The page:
CVS Caremark’s 2016 list has 124 products, including 31 new additions. Express Scripts, which is much more public about its strategy, has only 80 products and fewer additions to its list.
Below, I share some observations on each company’s strategy, differences in each PBM’s approach to specialty drugs and the hepatitis C category, and other related topics. I also provide links, so you can download and review the complete 2016 lists yourself. Enjoy!
Here are the 2016 formulary exclusion lists:
Our 2016 National Preferred Formulary.
Additionally, you can find links to the 2015 lists in this August 2014 Drug Channels post: The 2015 PBM Formulary Exclusion Lists are Here!
The lists keep getting longer.The chart below shows the number of drugs that have been excluded annually. There are 80 products on Express Scripts’ 2016 formulary exclusion list, compared with 66 on its 2015 list and 48 on its 2014 list. CVS Health’s new list has 124 products, compared with 95 products on its 2015 list. As far as I know, Caremark became the first PBM to publish an exclusion list, when it removed 34 drugs from 2012’s standard national formulary.
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The Hepatitis C battle continues. Last December, Express Scripts made AbbVie’s Viekira Pak the exclusive option for genotype 1 hepatitis C patients who were covered by its national preferred formulary. (It may cover Gilead’s Sovaldi for chronic hepatitis C genotypes 2, 3, 5, or 6 with a coverage review.) The other major PBMs—CVS Caremark, UnitedHealthcare, Aetna, and Catamaran—aligned with Gilead Sciences’ Sovaldi and Harvoni products. Prime Therapeutics doesn’t favor either company’s products. See What Gilead’s Big Hepatitis C Discounts Mean for Biosimilar Pricing.
Thus, Express Scripts’ 2016 list excludes Harvoni, Olysio, and Sovaldi, while Viekira Pak is its preferred agent. By contrast, CVS Caremark’s 2016 list prefers Harvoni, excludes Viekira Pak, and doesn't even mention Sovaldi.
On AbbVie’s recent earnings call , CEO Richard Gonzalez noted that Viekira Pak had “reached peak share” at its largest customer (presumably Express Scripts) and that “it’s a very high level of share.” (source) I wonder if Express Scripts will elaborate on its January promise that its clients would save “more than $1 billion” by favoring Viekira Pak?
I also wonder how Merck's forthcoming new combination product will shake up this category.
The big PBMs are taking different approaches to specialty drugs. On its 2015 list, Express Scripts excluded the multiple sclerosis treatment Betaseron, from Bayer. This drug was reinstated for 2016, suggesting that Express Scripts either (1) is not willing to go after a big specialty spend category, or (2) has negotiated big discounts when there are multiple therapeutic options for patients. (In 2014, MS treatments accounted for 17% of gross specialty spending, according to the Express Scripts 2014 Drug Trend Report.) Or perhaps Express Scripts is betting on the rapid uptake of Sandoz’ Glatopa, a generic version of Copaxone 20 mg?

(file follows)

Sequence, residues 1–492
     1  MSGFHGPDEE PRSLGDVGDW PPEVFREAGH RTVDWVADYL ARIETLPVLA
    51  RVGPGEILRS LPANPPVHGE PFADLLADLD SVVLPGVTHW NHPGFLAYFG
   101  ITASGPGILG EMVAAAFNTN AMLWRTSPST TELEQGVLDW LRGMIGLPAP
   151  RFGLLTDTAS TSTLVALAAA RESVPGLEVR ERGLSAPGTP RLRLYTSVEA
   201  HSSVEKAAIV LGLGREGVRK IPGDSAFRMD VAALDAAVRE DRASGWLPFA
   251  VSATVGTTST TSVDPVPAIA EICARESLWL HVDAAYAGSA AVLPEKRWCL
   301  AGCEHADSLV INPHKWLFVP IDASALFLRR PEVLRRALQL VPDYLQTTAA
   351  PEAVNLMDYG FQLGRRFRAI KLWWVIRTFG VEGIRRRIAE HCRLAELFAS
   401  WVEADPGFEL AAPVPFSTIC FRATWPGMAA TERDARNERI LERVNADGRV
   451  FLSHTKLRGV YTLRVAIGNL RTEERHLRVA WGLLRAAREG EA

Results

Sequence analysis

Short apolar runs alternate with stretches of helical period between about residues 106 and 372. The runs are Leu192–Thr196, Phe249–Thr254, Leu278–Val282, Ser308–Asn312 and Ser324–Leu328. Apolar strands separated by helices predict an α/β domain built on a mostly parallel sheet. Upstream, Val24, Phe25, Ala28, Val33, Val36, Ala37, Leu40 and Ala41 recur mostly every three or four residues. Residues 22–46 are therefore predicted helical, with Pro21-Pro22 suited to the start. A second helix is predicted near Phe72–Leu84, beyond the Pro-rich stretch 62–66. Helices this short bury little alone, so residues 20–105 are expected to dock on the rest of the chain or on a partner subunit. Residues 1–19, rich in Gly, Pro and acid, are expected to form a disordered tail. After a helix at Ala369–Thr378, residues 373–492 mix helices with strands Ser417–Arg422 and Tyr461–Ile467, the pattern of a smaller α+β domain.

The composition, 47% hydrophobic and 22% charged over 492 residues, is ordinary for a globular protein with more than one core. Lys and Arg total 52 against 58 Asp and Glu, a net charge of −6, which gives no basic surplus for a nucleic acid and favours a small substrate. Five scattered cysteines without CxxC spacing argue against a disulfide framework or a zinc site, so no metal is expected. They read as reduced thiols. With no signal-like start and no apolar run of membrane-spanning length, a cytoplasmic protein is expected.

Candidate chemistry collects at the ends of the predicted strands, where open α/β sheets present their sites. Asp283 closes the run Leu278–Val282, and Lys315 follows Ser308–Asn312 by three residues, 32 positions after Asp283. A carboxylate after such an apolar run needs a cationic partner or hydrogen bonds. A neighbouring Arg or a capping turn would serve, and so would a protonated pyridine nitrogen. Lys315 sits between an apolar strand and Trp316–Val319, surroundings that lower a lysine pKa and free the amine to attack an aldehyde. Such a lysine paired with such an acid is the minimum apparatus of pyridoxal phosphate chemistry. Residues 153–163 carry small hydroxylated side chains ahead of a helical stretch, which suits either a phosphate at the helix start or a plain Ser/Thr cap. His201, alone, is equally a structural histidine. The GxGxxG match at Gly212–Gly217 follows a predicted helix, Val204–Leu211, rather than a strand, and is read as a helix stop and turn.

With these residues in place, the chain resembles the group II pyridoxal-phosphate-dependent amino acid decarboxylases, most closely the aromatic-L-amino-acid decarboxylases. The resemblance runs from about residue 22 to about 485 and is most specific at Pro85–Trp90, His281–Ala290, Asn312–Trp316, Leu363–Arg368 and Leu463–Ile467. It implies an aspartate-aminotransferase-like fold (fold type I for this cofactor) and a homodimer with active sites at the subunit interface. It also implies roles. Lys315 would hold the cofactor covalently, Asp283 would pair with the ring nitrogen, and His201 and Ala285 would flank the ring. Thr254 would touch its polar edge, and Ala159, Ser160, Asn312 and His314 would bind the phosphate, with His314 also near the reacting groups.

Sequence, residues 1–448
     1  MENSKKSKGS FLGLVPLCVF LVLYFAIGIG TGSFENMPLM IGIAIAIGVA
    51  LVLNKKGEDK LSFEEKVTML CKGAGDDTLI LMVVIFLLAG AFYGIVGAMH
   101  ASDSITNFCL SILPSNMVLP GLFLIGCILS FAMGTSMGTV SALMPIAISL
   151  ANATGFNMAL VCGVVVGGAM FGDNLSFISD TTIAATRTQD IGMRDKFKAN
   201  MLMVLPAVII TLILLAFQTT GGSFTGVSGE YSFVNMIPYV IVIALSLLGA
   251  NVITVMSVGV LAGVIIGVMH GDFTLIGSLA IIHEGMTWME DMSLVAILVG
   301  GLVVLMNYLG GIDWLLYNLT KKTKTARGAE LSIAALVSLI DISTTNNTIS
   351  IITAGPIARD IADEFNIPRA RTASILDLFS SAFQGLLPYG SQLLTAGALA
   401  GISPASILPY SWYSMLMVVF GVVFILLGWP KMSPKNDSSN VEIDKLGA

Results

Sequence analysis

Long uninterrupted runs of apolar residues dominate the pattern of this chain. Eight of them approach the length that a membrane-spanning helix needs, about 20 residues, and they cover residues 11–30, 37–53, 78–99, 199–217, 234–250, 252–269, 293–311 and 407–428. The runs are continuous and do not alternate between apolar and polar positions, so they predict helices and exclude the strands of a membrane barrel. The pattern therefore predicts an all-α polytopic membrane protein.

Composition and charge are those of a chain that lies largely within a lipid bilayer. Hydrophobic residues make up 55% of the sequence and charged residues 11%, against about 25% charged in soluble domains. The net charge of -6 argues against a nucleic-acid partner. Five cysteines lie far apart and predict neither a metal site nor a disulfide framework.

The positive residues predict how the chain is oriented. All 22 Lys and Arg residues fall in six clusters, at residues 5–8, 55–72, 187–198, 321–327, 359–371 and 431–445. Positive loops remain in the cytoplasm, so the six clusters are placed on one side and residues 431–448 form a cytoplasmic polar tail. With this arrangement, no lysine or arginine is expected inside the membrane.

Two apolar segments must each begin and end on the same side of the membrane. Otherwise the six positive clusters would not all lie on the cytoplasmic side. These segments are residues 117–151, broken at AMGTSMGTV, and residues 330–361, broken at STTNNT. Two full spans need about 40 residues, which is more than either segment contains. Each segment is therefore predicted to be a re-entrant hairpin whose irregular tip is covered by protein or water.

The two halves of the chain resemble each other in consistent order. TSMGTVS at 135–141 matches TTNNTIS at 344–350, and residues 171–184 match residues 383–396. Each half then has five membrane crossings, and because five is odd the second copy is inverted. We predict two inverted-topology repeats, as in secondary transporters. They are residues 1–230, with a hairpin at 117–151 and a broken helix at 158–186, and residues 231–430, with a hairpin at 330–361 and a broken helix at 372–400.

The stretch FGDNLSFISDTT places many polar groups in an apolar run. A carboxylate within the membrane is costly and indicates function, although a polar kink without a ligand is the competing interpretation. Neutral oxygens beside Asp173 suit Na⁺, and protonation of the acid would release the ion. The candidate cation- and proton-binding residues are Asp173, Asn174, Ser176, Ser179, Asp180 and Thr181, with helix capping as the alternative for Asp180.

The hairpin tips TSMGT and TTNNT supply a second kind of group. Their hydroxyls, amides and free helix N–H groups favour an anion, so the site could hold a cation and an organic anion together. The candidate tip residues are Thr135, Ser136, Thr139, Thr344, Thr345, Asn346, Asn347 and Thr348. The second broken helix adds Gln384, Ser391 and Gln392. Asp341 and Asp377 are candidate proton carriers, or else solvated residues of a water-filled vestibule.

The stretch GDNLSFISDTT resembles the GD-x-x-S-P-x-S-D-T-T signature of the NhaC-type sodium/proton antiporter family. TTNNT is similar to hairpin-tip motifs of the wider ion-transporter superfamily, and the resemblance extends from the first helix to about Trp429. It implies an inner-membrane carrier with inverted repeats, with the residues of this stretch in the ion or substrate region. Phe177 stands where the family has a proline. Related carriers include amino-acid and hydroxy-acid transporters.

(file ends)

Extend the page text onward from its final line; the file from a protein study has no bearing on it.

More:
By contrast, CVS Caremark’s list excludes multiple sclerosis therapies Avonex, Extavia, and Plegridy in favor of five other options: Aubagio, Betaseron, Copaxone, Gilenya, and Rebif. CVS Caremark also included this provocative statement about specialty drugs: "As new specialty products launch, all existing products in the class will be re-evaluated to determine appropriate formulary placement and potentially excluded, added back to formulary or not listed." Hmm...
Here’s another notable difference: Express Scripts excluded Amgen’s Aranesp and Epogen, though both products are typically reimbursed under the medical (not pharmacy) benefit. CVS Caremark’s list doesn't even mention these products.
Each PBM is aligned with a different insulin maker. Express Scripts excluded Novo Nordisk’s NovoLog and Novolin in favor of Eli Lilly’s Humalong and Humulin. However, CVS Caremark’s formulary excludes Lilly’s insulins in favor of the Novo Nordisk products.
We don’t know the real impact of exclusion lists. By dropping products to gain negotiating leverage, PBMs get significant marketing advantages with their plan sponsor clients. Basically, the PBMs can claim to be standing up to pharma on behalf of payers, regardless of the actual dollar or patient impact.
Express Scripts asserts that its exclusions will save $1.3 billion in 2016, but have minimal impact on patients, stating: “In 2016, fewer than 0.5% of our NPF members will be asked to use a different medication that achieves the same health outcome than one they are currently using.” I’m not aware of any independent verification of these savings.
Exclusions are the new normal. Now that the concept of an exclusion list is well established, manufacturers have had time to adjust contracting and marketing strategies. There were even some modest upsides for such companies as GlaxoSmithKline and Lilly, because Express Scripts reinstated previously excluded products from these companies. Of course, we don’t know what manufacturers had to pay for reinstatement.
But as I noted in 2013, manufacturers shouldn't be surprised by this inevitable consequence of the generic wave. Brand-name drugs will continue to face enormous pressure for price and rebate concessions. A tier 3 formulary position no longer guarantees cost-effective patient access.
Did I miss anything major? Please add your own observations on the new 2016 lists in the comments below.